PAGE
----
“Howdy. Where ya’ll from?”

“Not really sure, actually. A New England town I guess.”

“Yer lost?”

“Lost and left out. Where are we?”

“This here’s the Saddle Up Saloon, jist over the line from Carrot Ranch. They call me Kid. Me an’ my pal Pal run the place fer Shorty. ‘Cept I think Shorty really jist wants us ta stay outta trouble ‘roun the ranch.”

“She keeps you out of trouble by putting you in charge of a saloon? I don’t know this Shorty, but I’ve got to wonder just how full her tool box is.”

“Marge, play nice. Let’s sit down, get a round of beers while we’re here.”

“Good idea, Ernest. Beer’s the answer, no matter the question. And this a nice change from hanging around the garage. I swear our writer has forgotten all about us out there. We could die of thirst for all D. Avery cares.”

“Whoa. Stop. Back up… D. Avery’s yer writer?”

“On again, off again. She’s pretty unreliable.”

“Tell me ‘bout it. Seems ta think she has a mind of her own too. That’s why I been breakin’ away. Doin’ ma own thing. This here saloon is where characters like us kin jist relax, take it easy.”

“Good idea, Kid. You might as well. D. Avery couldn’t plot her way out of a paper bag anyway. All she ever has me and Ernest doing is sitting around drinking beer with our friends!”

“Um, Marge, is that really a problem?”

“Well, I suppose it’s not really a bother, but still. No imagination. Kid, I imagine you’ll be getting me another beer?”

“Yes ma’am! Oh, here’s Pal. Pal, this here’s Ernest and Marge, couple a real characters.”

“Characters, eh? What’s yer story?”

“That’s the problem. We’re not sure, and we can’t be too sure that our writer’s real sure. She doesn’t seem to know an arc from her arse. I mean you can’t just have characters sitting around talking and drinking beer all the time. Can you?”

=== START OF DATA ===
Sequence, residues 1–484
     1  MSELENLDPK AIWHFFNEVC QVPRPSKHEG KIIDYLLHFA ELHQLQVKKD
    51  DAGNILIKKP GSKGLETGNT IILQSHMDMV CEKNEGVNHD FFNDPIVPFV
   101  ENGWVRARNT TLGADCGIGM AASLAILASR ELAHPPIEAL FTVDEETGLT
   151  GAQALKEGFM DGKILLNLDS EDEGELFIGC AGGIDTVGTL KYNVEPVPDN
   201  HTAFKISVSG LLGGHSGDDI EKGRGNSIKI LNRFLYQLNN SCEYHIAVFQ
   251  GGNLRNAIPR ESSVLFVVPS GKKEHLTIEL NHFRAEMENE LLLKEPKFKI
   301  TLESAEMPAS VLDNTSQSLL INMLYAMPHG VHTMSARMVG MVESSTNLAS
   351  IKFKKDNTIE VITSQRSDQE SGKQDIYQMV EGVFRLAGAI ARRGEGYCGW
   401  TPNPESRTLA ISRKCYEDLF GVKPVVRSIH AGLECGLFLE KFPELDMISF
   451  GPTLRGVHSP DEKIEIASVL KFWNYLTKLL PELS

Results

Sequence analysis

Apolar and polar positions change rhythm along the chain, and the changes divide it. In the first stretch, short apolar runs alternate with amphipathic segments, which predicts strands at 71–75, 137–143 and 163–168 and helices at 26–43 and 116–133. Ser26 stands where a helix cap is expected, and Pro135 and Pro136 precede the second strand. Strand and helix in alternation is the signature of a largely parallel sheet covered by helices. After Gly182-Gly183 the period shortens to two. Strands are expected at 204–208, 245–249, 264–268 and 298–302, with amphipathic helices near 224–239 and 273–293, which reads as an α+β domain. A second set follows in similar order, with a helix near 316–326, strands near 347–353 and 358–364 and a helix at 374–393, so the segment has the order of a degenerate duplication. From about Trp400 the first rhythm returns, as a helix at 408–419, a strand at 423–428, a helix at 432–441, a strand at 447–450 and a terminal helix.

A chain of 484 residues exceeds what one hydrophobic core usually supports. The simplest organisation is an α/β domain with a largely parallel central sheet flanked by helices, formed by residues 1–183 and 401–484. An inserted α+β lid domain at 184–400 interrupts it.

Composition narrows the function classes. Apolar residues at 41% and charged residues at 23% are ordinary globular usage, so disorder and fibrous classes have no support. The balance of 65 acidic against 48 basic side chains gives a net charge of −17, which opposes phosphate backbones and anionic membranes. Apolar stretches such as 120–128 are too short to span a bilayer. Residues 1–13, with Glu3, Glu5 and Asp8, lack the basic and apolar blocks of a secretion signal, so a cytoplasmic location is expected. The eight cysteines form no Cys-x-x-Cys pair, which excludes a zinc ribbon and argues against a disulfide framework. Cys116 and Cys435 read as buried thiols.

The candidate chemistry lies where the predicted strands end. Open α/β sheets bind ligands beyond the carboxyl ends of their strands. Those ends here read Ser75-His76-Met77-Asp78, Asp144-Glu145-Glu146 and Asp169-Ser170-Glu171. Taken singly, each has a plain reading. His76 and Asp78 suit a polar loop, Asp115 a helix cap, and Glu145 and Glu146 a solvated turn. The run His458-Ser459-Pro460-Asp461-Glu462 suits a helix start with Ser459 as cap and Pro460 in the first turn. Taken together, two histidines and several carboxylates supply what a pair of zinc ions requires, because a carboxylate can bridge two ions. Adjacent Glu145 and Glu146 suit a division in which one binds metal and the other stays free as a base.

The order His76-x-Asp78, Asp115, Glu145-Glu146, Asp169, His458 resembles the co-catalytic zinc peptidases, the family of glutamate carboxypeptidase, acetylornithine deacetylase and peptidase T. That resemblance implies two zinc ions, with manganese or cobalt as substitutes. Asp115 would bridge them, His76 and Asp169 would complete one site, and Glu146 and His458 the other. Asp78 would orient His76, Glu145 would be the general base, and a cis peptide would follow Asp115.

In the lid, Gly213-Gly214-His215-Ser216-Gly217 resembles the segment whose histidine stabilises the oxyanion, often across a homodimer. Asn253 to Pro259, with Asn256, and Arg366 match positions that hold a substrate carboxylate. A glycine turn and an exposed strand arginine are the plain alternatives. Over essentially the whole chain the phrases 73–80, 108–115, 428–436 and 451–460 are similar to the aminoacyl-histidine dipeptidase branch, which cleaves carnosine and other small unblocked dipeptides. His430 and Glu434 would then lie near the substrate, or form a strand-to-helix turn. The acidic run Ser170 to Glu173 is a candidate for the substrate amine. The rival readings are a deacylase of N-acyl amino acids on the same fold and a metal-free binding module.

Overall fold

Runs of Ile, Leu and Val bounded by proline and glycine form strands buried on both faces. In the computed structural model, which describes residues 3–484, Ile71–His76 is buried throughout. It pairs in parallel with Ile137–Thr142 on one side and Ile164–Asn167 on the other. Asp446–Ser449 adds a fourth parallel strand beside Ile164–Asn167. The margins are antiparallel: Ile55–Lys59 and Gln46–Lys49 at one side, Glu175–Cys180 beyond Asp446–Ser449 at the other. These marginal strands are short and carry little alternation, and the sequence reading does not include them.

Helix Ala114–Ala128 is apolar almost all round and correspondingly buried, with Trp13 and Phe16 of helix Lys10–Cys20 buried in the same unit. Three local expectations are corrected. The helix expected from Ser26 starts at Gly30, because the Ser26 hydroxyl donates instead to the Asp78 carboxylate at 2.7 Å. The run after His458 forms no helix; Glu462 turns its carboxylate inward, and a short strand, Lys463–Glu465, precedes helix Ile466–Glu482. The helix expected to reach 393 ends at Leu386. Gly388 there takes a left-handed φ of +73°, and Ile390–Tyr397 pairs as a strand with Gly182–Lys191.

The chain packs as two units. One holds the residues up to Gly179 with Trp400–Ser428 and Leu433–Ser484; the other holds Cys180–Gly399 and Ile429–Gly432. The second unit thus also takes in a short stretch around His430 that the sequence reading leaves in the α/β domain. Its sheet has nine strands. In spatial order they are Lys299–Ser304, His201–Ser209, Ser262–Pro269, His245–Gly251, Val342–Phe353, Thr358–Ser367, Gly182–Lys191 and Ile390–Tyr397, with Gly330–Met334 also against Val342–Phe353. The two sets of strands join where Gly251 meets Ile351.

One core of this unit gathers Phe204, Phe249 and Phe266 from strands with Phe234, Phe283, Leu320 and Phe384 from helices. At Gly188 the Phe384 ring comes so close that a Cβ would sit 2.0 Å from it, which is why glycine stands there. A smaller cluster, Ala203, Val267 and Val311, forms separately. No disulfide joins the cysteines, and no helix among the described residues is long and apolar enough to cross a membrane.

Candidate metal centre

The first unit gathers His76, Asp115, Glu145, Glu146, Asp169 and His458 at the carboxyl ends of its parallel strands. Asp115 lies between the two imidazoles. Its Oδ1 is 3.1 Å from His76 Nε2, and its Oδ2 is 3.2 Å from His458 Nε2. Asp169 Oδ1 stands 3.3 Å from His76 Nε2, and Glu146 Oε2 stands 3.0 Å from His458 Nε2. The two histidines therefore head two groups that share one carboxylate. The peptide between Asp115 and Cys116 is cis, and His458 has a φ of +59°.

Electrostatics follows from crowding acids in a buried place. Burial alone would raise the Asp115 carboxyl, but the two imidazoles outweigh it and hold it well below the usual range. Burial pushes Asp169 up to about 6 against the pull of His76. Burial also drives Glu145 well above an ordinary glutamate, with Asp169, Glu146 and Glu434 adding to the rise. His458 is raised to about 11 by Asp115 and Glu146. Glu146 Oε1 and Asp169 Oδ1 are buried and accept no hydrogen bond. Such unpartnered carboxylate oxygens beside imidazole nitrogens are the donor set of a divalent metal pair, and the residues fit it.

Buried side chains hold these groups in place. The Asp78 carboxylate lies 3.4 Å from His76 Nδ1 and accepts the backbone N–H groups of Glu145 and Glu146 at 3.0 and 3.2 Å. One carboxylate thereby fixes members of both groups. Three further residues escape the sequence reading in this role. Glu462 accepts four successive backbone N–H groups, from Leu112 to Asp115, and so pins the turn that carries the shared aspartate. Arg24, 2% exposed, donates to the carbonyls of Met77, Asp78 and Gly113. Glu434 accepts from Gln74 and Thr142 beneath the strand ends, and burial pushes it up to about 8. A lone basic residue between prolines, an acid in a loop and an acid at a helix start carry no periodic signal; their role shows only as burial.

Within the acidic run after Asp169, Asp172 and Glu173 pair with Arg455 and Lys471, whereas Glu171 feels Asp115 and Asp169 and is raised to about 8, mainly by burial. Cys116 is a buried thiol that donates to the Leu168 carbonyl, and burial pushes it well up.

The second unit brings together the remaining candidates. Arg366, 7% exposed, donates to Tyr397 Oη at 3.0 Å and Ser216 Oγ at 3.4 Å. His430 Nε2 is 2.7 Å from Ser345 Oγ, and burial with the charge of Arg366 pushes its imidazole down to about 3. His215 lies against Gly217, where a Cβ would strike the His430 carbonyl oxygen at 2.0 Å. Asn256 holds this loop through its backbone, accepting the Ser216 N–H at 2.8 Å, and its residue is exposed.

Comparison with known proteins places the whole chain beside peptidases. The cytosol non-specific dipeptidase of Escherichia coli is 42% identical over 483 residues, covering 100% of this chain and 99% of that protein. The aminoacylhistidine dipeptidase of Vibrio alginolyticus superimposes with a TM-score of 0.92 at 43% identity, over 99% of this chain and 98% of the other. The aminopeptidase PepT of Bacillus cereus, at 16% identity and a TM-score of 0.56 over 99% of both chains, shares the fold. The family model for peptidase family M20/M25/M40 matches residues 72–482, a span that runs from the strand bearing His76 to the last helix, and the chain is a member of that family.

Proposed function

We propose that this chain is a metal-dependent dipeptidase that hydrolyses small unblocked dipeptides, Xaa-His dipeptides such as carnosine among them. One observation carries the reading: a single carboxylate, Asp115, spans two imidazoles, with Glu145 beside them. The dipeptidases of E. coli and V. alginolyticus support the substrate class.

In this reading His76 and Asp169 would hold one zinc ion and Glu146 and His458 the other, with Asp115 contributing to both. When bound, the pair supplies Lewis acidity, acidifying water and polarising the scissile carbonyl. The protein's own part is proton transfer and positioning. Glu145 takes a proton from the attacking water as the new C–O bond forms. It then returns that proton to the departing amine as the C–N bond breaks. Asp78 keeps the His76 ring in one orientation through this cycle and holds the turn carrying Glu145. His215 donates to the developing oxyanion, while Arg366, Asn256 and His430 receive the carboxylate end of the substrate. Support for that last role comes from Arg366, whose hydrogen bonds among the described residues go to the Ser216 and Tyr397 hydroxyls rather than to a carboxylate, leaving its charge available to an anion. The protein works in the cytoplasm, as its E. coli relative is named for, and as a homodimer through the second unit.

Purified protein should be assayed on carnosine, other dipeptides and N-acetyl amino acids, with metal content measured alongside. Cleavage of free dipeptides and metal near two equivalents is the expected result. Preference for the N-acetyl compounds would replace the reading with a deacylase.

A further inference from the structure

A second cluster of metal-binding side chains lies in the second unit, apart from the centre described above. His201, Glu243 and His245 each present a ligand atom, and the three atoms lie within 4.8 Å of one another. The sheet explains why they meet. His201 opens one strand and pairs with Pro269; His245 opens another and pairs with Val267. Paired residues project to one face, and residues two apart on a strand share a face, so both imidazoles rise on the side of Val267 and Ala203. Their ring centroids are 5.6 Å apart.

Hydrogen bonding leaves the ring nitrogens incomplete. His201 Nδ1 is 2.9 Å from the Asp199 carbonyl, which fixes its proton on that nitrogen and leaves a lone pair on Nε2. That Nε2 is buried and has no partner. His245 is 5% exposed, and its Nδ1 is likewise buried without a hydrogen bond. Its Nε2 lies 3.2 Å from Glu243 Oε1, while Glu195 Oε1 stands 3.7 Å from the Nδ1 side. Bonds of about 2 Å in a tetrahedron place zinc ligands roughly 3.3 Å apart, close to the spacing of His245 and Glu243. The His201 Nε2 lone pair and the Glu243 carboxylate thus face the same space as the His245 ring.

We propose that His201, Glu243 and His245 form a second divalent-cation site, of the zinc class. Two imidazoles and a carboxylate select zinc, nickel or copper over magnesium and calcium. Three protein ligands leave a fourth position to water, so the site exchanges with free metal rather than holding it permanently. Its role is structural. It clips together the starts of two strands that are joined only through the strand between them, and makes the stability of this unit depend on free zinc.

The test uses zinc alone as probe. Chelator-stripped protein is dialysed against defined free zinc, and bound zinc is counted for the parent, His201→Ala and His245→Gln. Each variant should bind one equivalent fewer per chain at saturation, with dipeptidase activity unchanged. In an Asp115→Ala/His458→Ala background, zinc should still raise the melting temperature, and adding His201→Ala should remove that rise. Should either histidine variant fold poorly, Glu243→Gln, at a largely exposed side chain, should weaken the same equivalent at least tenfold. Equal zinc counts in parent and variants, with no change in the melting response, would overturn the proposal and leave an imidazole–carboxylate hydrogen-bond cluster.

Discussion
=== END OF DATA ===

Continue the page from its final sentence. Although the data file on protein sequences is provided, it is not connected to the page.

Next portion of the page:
“Seems a bit much. Pal, what d’ya think ‘bout that?”

“I’m thinkin’ you an’ Marge here got some issues with our writer. Wunner if we kin git that slug-slayin’ cyclist back here, mebbe have an innervention.”

“Marge, Kid, maybe it’s not so bad as you think. I mean, Marge, she does have you fishing sometimes. You like fishing. And you have your own truck, and a she-shed to do your welding in. And good friends.”

“Oh, you’re right Ernest. And she has given me you, big old sweet you. Though you can’t fish for shift’s sake. But you have to admit, we and our friends have been pretty neglected.”

“Hee hee. Ya said shift. Marge, here’s whut we’ll do. We’ll turn the tables.”

“How so, Kid?”

“Not only’ll we stop waitin’ fer our so-called writer ta write us, we’ll write her. What, Pal? Reckon yer gonna tell us ta leave her alone.”

“No, Kid, was jist gonna recommend ya open the idea up ta any character thet’s feelin’ left out an’ might have a story ta tell on their writer. Make it like a prompt fer fictional folks.”

“That’s a good idea, Pal.”

“Thanks Ernest.”


“Lissen up, all you disgruntled characters out there! Fergotten an’ neglected, dealin’ with yer writer’s excuses… today, we write them! Yep. In 99 words or less— that’s right, Shorty, or less— leave a story ‘bout yer own writer in the comments. From yer point a view. Characters! Stand up fer yer writes!”



“Yeah, Ernest?”

“I’m a little worried for our writer.”

“Yep. But mebbe this lil prompt’ll be fun fer folks, or at least fer their characters.”


Tuff Shift, by Marge Small and A. Kidd

Once upon a time someone increasingly felt cooped up but was chicken to pick up a pen. Everything seemed to ruffle her feathers, made her cross. So she hit the road.

After a long time she learned how to write shortly. Then stories flashed before her eyes. Characters started sleep talking. Even the corny ones stalked her. The road this someone had started down was now a slippery slope. There was no turning back.

She strung these characters along, 99 words here, six sentences there. It wasn’t enough. They had flown the coop. It was time for a coup.



Ernest Biggs and Marge Small have been recurring characters for many Carrot Ranch 99 word challenges. They are corralled HERE.

Pal & Kid are free ranging characters who live and work at Carrot Ranch. They never tuck tail, but their tales are corralled as Ranch Yarns at ShiftnShake. If asked, they will deny that they spill from the pen of D. Avery. Please let these yahoos know what you think, and stop in at the Saddle Up anytime for a virtual good time.


Warning: Creating default object from empty value in /home/customer/www/carrotranch.com/public_html/wp-content/plugins/gutenberg/lib/compat/wordpress-6.6/resolve-patterns.php on line 69